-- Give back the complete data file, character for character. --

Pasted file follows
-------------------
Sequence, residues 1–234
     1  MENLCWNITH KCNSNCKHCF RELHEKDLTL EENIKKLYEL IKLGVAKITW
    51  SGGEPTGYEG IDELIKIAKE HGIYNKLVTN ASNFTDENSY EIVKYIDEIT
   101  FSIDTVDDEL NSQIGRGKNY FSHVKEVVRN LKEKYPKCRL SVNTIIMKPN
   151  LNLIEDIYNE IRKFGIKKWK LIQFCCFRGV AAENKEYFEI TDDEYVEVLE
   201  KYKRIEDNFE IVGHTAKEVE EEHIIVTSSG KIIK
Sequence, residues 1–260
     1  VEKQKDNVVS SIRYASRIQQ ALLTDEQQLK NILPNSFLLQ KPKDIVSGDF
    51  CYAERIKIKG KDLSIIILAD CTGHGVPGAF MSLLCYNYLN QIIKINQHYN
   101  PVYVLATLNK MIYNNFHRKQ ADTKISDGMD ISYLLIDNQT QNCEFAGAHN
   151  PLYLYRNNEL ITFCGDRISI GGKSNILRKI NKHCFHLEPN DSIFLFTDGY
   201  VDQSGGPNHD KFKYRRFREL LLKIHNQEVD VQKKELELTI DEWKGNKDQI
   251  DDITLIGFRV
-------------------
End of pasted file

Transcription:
Sequence, residues 1–234
     1  MENLCWNITH KCNSNCKHCF RELHEKDLTL EENIKKLYEL IKLGVAKITW
    51  SGGEPTGYEG IDELIKIAKE HGIYNKLVTN ASNFTDENSY EIVKYIDEIT
   101  FSIDTVDDEL NSQIGRGKNY FSHVKEVVRN LKEKYPKCRL SVNTIIMKPN
   151  LNLIEDIYNE IRKFGIKKWK LIQFCCFRGV AAENKEYFEI TDDEYVEVLE
   201  KYKRIEDNFE IVGHTAKEVE EEHIIVTSSG KIIK
Sequence, residues 1–260
     1  VEKQKDNVVS SIRYASRIQQ ALLTDEQQLK NILPNSFLLQ KPKDIVSGDF
    51  CYAERIKIKG KDLSIIILAD CTGHGVPGAF MSLLCYNYLN QIIKINQHYN
   101  PVYVLATLNK MIYNNFHRKQ ADTKISDGMD ISYLLIDNQT QNCEFAGAHN
   151  PLYLYRNNEL ITFCGDRISI GGKSNILRKI NKHCFHLEPN DSIFLFTDGY
   201  VDQSGGPNHD KFKYRRFREL LLKIHNQEVD VQKKELELTI DEWKGNKDQI
   251  DDITLIGFRV